Meghalaya will never agree to surrender areas which belong to state to Assam


Chief Minister Conrad K Sangma on Thursday said Meghalaya will never agree to surrender areas which belong to the state to Assam.

 Replying to a special motion on the prevailing issue related to the border dispute between Assam and Meghalaya, Sangma said when it comes to the definition of ‘give and take’, this is one of the areas both the governments are looking for resolving the vexed problem.

 “We are looking at if it is possible that Meghalaya and Assam can agree to agree on certain villages which are in Assam are in Assam and which are in Meghalaya are in Meghalaya without any kind of confusion,” he said.

 “We are very clear in our mind that if there is going to be an area where Meghalaya says it is impossible for us to surrender, there is no question for us to agree to the terms and conditions of Assam,” Sangma also maintained.

 The Chief Minister informed that Assam has made it clear on the need to start discussing the areas which both the states can agree on and try to move forward to find a solution.

 Stating that all these years discussions have end up only maintaining status quo, he however said, “We felt we need to come out of this mode and try to find a way where we could start resolving bit by bit and build up confidence of the people and the two governments and the government of India that we as a government, as a house we are serious in resolving it.”

 “This is the approach we are looking at and that is where the give and take comes in but as I said the question of giving the areas that we don’t agree upon there is no question of going to that level. We will not agree on areas where we are very sure that these are the areas of Meghalaya and only areas we agree to agree we will move forward,” he further added.

 The Chief Minister also informed that after discussion with the Assam counterparts, a full drone survey of the six of the twelve areas of difference, which both the states have agreed to resolve.

 “We have micro details, even a single tree or a plan or an electric pole that is there up to that micro level. We have mapped the entire areas, we know how many houses in each village- these matters have been discussed in detail,” he said.

 According to him, unofficially the government has also discussed with the public of these areas and tried to understand the sentiments that the people have out there.

 The six areas of difference include Tarabari (4.69 sq km), Gizang (13.53 sq km), Hahim (3.51 sq km), Boklapara (1.57 sq kms), Khanapara-Pilangkata (2.29 sq kms) and Ratacherra (11.20 sq kms).

 The Chief Minister further maintained that the reasons behind the decision of the two state governments to first resolve these six areas of differences is because they are small and less complicated compared to other six areas.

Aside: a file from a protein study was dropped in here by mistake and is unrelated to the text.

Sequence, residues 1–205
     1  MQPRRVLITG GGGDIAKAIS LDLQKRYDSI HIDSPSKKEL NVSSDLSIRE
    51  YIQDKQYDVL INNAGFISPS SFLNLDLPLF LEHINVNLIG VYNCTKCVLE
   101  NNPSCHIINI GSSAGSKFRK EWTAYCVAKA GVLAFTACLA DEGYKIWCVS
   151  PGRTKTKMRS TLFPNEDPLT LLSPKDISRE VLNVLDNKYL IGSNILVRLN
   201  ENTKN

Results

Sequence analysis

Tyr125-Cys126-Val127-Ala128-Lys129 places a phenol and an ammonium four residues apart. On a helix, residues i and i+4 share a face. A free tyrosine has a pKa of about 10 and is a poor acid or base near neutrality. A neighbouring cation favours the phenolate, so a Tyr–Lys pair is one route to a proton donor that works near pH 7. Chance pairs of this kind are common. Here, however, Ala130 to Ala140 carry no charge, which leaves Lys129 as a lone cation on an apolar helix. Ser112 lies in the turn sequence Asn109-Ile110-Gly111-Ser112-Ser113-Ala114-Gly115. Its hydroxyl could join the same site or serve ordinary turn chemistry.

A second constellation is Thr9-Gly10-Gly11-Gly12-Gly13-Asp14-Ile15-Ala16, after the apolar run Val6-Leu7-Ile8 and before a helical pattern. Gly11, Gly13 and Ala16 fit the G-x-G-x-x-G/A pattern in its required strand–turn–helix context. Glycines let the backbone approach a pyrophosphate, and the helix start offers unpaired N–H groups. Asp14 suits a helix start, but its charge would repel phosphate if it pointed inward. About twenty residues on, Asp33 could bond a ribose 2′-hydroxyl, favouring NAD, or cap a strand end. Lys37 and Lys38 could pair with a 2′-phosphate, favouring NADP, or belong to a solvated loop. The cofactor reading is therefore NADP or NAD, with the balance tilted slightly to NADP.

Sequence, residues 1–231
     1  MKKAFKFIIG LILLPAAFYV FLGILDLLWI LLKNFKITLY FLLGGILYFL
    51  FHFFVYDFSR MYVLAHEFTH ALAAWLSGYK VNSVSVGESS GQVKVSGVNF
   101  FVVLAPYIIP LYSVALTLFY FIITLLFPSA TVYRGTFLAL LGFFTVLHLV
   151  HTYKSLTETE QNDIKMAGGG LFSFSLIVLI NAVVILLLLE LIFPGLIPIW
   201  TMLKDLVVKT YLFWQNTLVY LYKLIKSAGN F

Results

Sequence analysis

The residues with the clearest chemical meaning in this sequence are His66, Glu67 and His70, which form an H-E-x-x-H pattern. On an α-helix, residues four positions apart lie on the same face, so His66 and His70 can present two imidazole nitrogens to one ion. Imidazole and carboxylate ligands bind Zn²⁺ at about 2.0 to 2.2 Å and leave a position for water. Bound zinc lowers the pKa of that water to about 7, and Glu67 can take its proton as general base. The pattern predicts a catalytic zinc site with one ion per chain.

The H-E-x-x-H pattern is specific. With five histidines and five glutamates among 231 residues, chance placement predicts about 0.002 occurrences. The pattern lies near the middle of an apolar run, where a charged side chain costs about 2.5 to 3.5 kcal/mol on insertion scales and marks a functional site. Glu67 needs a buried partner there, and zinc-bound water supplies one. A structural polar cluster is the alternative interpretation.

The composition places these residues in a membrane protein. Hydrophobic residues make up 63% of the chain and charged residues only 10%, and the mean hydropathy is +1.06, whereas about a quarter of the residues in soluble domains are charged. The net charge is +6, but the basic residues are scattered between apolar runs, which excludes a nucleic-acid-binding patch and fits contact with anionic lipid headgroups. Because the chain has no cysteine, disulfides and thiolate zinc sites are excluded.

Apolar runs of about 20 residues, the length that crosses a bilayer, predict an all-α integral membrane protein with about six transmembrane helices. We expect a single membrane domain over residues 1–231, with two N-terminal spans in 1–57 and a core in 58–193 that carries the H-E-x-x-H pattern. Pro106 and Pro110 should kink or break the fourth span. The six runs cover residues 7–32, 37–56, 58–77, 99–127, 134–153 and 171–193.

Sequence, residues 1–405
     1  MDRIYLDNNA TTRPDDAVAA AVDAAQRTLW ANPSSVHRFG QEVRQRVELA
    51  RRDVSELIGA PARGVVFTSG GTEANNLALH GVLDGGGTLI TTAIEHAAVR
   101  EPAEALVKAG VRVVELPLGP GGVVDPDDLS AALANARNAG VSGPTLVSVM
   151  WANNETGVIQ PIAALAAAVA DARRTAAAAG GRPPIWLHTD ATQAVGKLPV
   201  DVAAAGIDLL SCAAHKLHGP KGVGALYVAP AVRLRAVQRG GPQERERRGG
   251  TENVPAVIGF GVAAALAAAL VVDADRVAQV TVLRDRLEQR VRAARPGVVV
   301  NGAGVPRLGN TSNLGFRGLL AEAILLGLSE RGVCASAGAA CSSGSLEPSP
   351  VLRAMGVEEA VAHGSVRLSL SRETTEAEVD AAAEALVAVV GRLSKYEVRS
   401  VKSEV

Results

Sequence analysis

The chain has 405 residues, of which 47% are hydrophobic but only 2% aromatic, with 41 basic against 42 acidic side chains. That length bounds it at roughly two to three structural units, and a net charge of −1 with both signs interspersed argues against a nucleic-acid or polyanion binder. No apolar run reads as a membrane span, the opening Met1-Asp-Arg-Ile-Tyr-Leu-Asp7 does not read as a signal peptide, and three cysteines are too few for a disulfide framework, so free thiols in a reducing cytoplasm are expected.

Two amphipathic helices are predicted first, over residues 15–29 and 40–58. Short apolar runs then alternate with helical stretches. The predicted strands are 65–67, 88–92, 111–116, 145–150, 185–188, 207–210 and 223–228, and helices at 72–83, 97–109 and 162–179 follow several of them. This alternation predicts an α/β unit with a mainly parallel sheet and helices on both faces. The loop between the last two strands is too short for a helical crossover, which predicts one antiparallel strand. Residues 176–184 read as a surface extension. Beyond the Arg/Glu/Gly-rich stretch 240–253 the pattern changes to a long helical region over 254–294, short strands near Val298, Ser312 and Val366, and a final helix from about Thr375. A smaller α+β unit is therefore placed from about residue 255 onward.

“That is the reason why we have gone for areas which we felt that we could actually find a way forward. That’s the reason why these six areas were selected first.”

 Sangma however maintained that the government is not saying “we are going to resolve all the six of them”.

 This also came after recent meetings held between the Chief Ministers of Assam and Meghalaya.

 Sangma said, “I am not here and neither this MDA government is here to tell you that we will find a solution today or tomorrow or within a month’s time.”

 “The desire is of course there, the will is there and  we want to find a solution to this but to be able to tell and guarantee that we will find a solution to this it is obviously something that I cannot say at this point in time simply because of the fact that this issue has been there for a very long time and it is a very complicated and long pending issue.”

 On the setting up of the regional committees, the chief minister said that this is to ensure the two governments can talk but that does not mean such committees will only be restricted to the five members.

 “The responsibility of the five member committee will be to have a huge broad discussion with all the stakeholders including traditional heads, civil society organizations, elected members – everybody will be consulted before we chalk out the approach and the plan with which we move forward or the claims or counterclaims that we make – I can assure the House that every stakeholders as far as possible will be consulted in the process.

 This is the way we will move forward and we are hopeful that we will find some kind of a solution in the coming days to this very complex problem,” he added.